Ahwesh’s Lessons of War (2014) arranges an animated account of the 2014 Israel-Gaza war, over 5 stacked monitors. Editing footage produced by a Taiwanese company that renders news events in animation, Ahwesh turns the events of the war into a set of radiant, brittle images. The animated form permits moments of clairty and cuteness that is estranged from the brutal content.
Cécile B. Evans (1983) is a Belgian American artist based in London. Her video and sculptural work takes the meeting point of communicative technology and emotional activity as its main site. Evans’ work has been presented at Palais de Tokyo (Paris), the Serpentine Galleries (London), as within a solo exhibition at Seventeen Gallery (London) and group exhibitions at Fridericianum (Kassel), Jerwood Visual Arts Foundation (London), and Musée d’art Moderne (Paris). Recent awards include the Andaz Award (2015), Push Your Art Prize (2013), and the Emdash Award (2012, now Frieze Award). Recent screenings have taken place at the ICA London, Fahrenheit (Los Angeles), and Hamburg Film Festival.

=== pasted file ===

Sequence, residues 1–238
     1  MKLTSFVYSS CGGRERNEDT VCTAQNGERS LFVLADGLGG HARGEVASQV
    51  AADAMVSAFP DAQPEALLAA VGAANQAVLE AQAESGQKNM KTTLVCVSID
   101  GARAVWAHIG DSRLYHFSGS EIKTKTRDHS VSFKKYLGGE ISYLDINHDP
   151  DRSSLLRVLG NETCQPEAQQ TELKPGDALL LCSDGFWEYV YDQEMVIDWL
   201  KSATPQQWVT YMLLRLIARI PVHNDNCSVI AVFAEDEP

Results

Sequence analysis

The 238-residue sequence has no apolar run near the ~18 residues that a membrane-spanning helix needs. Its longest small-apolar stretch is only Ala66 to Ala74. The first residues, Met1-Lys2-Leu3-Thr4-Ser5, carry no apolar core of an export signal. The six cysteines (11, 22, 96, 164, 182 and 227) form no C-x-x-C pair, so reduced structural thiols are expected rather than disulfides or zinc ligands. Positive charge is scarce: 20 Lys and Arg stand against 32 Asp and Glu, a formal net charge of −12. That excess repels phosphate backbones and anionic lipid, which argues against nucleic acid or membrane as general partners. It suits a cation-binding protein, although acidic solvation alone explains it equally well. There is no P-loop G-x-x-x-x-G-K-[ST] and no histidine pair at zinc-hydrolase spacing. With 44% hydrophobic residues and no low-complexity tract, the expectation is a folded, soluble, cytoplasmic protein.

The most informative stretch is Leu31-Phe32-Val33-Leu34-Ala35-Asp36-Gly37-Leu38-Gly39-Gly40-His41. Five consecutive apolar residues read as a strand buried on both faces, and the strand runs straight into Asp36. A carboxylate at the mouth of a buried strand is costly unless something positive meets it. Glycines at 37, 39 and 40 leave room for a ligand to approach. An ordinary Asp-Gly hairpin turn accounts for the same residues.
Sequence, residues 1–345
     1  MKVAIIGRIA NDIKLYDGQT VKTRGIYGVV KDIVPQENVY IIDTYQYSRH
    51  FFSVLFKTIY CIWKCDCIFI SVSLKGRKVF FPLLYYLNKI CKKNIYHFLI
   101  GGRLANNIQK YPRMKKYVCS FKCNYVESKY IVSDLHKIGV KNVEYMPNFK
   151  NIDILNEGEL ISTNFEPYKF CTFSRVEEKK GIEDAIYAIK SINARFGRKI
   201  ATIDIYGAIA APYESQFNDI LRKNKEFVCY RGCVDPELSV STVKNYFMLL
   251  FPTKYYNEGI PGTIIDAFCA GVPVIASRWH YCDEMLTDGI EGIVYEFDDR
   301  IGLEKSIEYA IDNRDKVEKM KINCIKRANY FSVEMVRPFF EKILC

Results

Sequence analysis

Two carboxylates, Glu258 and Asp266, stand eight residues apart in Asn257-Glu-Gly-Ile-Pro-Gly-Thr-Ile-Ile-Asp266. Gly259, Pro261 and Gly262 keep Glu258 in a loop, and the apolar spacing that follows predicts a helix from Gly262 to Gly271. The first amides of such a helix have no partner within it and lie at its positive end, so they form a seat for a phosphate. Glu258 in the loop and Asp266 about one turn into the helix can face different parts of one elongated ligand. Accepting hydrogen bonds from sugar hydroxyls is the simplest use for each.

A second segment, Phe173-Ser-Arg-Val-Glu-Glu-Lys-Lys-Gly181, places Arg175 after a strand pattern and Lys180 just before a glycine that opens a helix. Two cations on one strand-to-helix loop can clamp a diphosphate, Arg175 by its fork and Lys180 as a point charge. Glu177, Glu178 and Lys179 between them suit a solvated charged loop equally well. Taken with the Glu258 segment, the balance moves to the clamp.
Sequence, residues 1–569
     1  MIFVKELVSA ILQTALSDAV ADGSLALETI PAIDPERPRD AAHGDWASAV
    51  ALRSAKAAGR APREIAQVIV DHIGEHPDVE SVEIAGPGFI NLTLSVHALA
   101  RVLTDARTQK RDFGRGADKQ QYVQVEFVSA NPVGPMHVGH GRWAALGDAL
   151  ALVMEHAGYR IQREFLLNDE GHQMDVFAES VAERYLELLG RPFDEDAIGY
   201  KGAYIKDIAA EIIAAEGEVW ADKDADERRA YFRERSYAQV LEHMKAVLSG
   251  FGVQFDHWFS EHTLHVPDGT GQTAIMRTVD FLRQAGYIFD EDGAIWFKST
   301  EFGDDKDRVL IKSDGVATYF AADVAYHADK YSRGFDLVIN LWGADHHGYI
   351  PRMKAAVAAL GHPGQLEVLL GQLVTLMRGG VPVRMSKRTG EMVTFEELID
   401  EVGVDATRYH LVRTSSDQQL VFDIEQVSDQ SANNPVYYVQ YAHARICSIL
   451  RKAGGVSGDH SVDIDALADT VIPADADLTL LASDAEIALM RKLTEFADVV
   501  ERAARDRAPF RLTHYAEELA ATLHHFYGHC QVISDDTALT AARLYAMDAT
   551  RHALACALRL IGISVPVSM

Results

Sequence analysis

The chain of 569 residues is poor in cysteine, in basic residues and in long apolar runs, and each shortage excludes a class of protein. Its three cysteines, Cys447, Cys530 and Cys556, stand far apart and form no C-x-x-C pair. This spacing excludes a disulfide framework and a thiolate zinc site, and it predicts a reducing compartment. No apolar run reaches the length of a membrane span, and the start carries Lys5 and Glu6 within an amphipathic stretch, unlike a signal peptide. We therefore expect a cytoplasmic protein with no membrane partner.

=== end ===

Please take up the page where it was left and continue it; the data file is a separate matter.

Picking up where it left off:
Self-plagiarised Study for Lover One (2015) is a new work by Evans, where the artist ‘plagiarizes’ one of her own existing works. Evans lays rotoscope animation over the film, Why Did You Do That (2010) and floats disjointed lyrical phrases and itinerant creatures through the scenes. The character in the film is part of a trio of ‘Lovers’ who struggle with recognition in a world that relies increasingly on technology to detect humanity.
George Egerton-Warburton (1988) is an Australian artist living in Los Angeles. Egerton-Warburton’s work often posits moments of personal potency within a wider political system. His work has been exhibited at institutions, including the Australian Centre for Contemporary Art (Melbourne), the Perth Institute of Contemporary Art, Gertrude Contemporary (Melbourne) and Artspace (Auckland).